By James Mirtle
Nov 21, 2019
Uploladed by: Martin Arnold
Mirtle: The Babcock-Dubas marriage was doomed from the start, as old school resisted the new
GLENDALE, Ariz. — There was no thank you to Brendan Shanahan in the farewell note. Or Kyle Dubas.
Only the owner and, notably, the former GM, Lou Lamoriello, who helped him “set franchise records” in Toronto.
That makes sense, as the Maple Leafs president and GM played the decisive role in Mike Babcock’s firing Wednesday afternoon here in Arizona. Not everyone is going to thank the man who summons him to his hotel room to be let go, 4 1/2 years into an eight-year contract.
But the reality is Babcock did a poor job of making allies the past few years. It was clear how Dubas felt after the Leafs’ first-round exit in April, as he left his coach’s return wide open to speculation for nearly two weeks before giving a short statement to TSN’s Bob McKenzie that they were on the same page.
That was either reckless or intentional. I believe in option No. 2.
Firing Babcock was always going to be a complicated move, given he was hired by Shanahan back in 2015, and the structure of the Leafs front office. There were always more voices at play than just Dubas’.
Seven months ago he didn’t get what he obviously wanted when he left Babcock twisting in the wind.
Now, he has. This team — the roster, its identity, its coach — are all his.
And now, it just needs to work.
Looking back at this, all of it, it’s a mess. Dubas’ unwillingness to endorse Babcock in April didn’t go unnoticed by the Leafs players, most of whom weren’t sad Wednesday to see the coach go.
So when things went sideways early this season — even when some of the underlying causes weren’t coaching-related — there was almost a perverse incentive for them to tank until the coach was gone. Only they know for sure whether they did, but losses like the one in Pittsburgh last weekend certainly fit into that narrative.
At the very least, they didn’t appear to fully buy into the same “grind” message Babcock had been selling them for years.
Immediately after the Leafs were eliminated by Boston in Game 7 in late April, colleague Jonas Siegel wrote that “Mike Babcock needs to show he can change for the Leafs to take the next step.”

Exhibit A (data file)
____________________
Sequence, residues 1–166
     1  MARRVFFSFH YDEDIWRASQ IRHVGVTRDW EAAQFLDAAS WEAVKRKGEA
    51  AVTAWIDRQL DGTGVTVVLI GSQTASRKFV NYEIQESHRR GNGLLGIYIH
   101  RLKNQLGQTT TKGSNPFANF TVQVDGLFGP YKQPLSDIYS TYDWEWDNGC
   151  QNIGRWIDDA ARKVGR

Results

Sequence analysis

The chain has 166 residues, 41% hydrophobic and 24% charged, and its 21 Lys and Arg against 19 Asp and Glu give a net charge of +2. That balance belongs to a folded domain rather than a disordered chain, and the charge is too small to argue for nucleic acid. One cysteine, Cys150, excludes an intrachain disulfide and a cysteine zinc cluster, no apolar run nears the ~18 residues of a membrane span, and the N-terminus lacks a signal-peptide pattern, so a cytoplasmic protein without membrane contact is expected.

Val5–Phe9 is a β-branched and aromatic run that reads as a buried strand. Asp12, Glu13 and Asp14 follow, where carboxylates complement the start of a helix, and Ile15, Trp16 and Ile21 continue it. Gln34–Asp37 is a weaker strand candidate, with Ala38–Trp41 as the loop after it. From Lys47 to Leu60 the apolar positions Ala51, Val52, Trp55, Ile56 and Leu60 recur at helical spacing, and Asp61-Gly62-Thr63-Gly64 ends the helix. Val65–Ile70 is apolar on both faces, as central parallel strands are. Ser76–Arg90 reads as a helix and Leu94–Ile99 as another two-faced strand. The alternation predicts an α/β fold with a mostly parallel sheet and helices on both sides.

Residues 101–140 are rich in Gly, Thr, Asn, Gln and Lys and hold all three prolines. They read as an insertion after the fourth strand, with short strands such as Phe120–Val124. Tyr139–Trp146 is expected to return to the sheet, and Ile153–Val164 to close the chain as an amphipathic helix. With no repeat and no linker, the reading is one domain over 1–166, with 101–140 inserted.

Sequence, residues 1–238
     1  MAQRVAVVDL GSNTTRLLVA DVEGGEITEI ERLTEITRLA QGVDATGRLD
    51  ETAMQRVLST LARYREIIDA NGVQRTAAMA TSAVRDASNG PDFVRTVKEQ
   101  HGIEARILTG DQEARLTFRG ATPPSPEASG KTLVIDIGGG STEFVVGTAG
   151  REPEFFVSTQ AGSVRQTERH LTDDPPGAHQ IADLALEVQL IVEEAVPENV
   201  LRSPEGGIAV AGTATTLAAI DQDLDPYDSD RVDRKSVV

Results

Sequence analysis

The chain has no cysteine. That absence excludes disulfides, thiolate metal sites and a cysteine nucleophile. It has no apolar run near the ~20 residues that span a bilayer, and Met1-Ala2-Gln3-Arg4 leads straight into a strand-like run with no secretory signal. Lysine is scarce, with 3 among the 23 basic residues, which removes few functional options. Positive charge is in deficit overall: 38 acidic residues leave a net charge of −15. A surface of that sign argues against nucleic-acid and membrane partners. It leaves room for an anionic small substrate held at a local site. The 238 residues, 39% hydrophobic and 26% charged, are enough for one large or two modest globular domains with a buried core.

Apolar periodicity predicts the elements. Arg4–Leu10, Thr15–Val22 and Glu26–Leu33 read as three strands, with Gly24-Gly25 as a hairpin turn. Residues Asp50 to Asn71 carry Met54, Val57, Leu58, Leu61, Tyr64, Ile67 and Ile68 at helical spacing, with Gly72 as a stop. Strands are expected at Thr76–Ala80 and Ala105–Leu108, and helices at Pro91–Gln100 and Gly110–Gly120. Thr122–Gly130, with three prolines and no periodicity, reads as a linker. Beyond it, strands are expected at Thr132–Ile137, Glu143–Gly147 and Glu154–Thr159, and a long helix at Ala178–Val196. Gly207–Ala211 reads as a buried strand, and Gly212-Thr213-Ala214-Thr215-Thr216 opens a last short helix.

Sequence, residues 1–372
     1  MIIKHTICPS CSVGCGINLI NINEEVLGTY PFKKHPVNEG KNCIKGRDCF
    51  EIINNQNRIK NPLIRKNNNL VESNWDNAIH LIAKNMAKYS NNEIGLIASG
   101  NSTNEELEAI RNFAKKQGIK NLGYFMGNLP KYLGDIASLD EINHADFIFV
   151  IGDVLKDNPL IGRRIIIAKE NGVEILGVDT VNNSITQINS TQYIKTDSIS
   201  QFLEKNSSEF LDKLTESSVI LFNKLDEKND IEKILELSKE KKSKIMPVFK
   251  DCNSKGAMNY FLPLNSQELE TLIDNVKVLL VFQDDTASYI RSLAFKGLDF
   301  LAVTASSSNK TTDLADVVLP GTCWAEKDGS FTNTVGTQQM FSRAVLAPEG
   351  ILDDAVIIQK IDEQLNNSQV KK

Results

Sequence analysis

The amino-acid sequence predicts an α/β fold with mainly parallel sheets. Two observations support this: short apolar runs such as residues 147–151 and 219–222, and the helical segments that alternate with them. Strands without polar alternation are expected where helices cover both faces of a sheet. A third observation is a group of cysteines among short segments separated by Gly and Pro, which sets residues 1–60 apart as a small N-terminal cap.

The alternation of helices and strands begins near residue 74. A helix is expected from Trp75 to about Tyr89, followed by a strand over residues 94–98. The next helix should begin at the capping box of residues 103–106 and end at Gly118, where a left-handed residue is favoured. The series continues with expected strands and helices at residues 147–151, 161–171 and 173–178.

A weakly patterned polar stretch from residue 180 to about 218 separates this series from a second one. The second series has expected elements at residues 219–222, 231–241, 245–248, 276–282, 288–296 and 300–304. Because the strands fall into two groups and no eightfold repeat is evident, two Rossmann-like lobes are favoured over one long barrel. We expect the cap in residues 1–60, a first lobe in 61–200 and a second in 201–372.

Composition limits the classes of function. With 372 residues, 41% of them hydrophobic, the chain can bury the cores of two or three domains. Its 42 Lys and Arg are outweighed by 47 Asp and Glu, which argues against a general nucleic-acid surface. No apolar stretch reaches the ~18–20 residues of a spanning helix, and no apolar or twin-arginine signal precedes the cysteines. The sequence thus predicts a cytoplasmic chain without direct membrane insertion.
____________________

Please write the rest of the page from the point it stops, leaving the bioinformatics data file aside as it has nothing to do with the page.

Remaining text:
Then the offseason unfolded and the roster got more and more Dubas-y, with Babcock guys such as Ron Hainsey, Nikita Zaitsev, Patrick Marleau, Connor Brown and others swapped for more skilled models such as Nic Petan and Jason Spezza.
Nearly half the roster turned over, and it became even more evident that Babcock would have to adapt to his new cast more than bend them to his will.
No, not really. I struggle to think of any innovative shift or personnel decision he made this year. The forward lines and D pairs were about what everyone expected they would be and the messaging when games were won or lost remained the same. The system being preached was also basically the same, according to some players.
“It’s pretty similar,” Morgan Rielly said earlier this week.
And whenever Babcock was asked about needing to prove himself, given the expectations on his club, there was never any hesitation.
Mike Babcock bets on Mike Babcock because Mike Babcock always wins.
Well, he didn’t win here. He didn’t yield, to the kids on his roster, who clearly wanted a different message, or to the young man in the front office, who had a much different idea about how to win in the NHL than his septuagenarian predecessor.
So when the losses started to pile up, who was going to back that bet on Babcock?
Who was going to defend the coach still relying on triumphs from more than a decade ago?
If you alienate those above and below you, and you don’t produce wins, you’re in trouble in pro sports. No matter your pedigree.